Scopalamine, opiates, barbiturates and other non-volatile as well as inhalation agents in sufficient doses to relieve pain all cause depression of the respiratory centers of the mother and child. These drugs decrease in minute volume pulmonary ventilation. At the time of delivery the childs respiratory center is usually subject to at least some depression from drug action and from trauma. It at the same time the blood is low in oxygen at base of respiratory center, depression is further enhanced. The effects of the various pain-relieving drugs commonly administered in labor have not received the consideration they deserve and lead to many clinical difficulties with both mother and child.

Forceps deliveries often become a necessity simply because the patient has been drugged to such depths that contractility of uterine and abdominal musculature has been interfered with. All analgesic and anaesthetic drugs produce a respiratory depression in both mother and child.


Some twenty year ago Dr. Harry T. Cook of Los Angeles, a homoeopathic physician, administered the first spinal anaesthesia for the relief of the pain of childbirth. This procedure was done with novocain, giving from 150 to 255 milligrams between the fourth and fifth lumbar vertebrae. After thoroughly testing out his new procedure he presented a paper to the American Medical Association, but this Association only condemned his procedure as unsafe. Since that time much work has been done in perfecting this method. Demand for relief of pain during childbirth has become so great today that a physician is compelled to accede to the demands of the patient, or lose his patient to another doctor.

It is my sincere opinion that the patient is better if she has some form of very conservative anaesthesia by the homoeopathic physician than that she fall into the hands of an allopathic physician and lose the advantage of homoeopathic care and treatment.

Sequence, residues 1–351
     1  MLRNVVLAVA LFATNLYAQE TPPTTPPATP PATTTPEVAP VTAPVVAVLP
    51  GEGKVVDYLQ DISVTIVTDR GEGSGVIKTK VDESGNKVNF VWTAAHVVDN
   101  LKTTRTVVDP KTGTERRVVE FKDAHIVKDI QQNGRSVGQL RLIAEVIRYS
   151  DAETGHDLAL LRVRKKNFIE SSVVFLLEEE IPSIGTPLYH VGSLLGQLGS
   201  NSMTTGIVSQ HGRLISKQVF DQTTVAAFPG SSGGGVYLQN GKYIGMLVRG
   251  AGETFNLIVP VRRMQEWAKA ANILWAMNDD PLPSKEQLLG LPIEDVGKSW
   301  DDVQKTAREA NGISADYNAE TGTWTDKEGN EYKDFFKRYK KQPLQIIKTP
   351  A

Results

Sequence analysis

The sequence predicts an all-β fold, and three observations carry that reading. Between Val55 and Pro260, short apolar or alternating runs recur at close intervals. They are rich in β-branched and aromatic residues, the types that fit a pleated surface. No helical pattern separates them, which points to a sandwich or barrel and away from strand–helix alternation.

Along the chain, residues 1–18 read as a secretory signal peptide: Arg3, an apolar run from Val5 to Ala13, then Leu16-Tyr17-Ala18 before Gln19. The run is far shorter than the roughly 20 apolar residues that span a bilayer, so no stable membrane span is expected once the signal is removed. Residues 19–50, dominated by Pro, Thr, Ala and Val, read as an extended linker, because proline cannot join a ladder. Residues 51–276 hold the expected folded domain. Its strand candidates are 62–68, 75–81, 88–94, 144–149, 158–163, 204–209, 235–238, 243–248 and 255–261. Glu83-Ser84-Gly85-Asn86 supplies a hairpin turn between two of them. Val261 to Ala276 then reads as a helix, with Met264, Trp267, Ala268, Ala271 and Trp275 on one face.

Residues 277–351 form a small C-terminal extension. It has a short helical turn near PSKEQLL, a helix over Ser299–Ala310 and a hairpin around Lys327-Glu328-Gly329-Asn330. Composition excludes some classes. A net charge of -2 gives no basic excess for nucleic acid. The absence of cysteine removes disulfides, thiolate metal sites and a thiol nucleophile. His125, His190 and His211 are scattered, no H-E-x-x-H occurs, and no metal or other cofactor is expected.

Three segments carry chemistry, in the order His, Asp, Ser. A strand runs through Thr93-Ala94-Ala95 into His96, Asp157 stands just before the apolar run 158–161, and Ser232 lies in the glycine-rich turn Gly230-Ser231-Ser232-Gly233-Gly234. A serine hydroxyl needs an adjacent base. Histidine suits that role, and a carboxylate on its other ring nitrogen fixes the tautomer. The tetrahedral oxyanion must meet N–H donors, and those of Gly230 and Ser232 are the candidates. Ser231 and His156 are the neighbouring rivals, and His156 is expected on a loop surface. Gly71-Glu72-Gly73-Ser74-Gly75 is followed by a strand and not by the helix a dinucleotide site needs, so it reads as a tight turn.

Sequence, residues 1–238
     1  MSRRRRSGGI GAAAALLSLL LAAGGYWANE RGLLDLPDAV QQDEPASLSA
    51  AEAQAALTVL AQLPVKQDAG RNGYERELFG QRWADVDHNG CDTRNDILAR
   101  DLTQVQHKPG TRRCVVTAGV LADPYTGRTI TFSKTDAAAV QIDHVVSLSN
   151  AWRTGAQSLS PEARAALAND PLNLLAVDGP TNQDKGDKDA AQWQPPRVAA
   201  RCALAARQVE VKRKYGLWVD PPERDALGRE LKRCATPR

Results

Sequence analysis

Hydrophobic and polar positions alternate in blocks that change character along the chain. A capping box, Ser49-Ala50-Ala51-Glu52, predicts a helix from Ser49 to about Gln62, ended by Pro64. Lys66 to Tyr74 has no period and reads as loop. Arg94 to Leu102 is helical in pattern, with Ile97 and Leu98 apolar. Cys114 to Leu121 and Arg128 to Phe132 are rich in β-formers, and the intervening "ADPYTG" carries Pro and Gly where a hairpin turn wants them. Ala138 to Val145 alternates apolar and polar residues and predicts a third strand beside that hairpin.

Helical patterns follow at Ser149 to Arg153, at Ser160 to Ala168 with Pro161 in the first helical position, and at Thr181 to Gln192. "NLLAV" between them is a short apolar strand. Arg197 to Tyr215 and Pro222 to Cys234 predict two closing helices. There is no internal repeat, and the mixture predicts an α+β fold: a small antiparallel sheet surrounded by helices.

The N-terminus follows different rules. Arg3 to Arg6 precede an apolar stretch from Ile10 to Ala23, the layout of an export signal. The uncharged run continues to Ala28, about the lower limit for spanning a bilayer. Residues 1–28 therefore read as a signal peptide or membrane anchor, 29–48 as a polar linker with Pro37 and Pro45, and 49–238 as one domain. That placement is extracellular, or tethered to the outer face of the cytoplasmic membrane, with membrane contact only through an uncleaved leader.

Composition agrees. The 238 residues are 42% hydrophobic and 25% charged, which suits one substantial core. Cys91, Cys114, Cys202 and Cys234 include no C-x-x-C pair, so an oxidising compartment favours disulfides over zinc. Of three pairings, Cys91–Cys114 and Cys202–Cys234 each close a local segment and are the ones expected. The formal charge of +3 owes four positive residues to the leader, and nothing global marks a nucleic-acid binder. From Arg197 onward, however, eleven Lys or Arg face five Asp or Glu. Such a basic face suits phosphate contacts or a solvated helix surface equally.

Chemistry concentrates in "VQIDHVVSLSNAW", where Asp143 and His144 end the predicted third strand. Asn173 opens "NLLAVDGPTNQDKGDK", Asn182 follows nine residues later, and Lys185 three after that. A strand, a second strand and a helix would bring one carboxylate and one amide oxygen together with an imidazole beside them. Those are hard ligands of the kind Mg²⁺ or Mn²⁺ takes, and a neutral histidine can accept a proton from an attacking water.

Inhalation anaesthesia is usually safe because it is completely under control, ether and nitrous oxide being preferable to chloroform.

In my experience there are only two anaesthesias which are safe for both mother and child, and these are used in very small doses. The two I refer to are caudal and spinal anaesthesia.

It is never wise to use any anaesthetic for childbirth until there is full dilatation. In caudal or spinal anaesthesia the dose must be small enough so that it affects the sensory side of the cord only. This leaves the patient well able to assist in the birth of her child while bearing down with each pain. As she has no sense of feeling, the obstetrician suggests to the patient the time when it is necessary for her to bear down.

Caudal anaesthesia has some disadvantages. In the first place the anaesthetic does not last more than an hour or so. Then there is the danger of breaking the needle in those patients where continuous anaesthesia is in use.

I have for years gradually reduced the dose of novocain in spinal anaesthesia from 150 milligrams to 30 to 50 milligrams, depending upon the weight of the patient. No needle is left in the spine and the patient is amply able to assist the obstetrician in the birth of the child. I use novocain crystals, allowing 1 c.c. of spinal fluid to flow into 30 to 50 milligrams of crystals, which is amply sufficient to dissolve the novocain.

If it is possible at all for any normal patient to have a spontaneous delivery, it can be done by this method with safety to both mother and child, as the dose is so small that it has no ill effect upon the autonomic nervous system or the respiratory center. The anaesthetic usually lasts two hours and then can be repeated if necessary.

In my obstetric practice I have tried practically all of the methods of analgesia used and find that the use of these various small doses of novocain are not only entirely satisfactory but free from all danger. The only objection I have to the caudal anaesthesia is the fact that it is often difficult to administer, and the short duration of the anaesthesia.


Chairman, Bureau of Surgery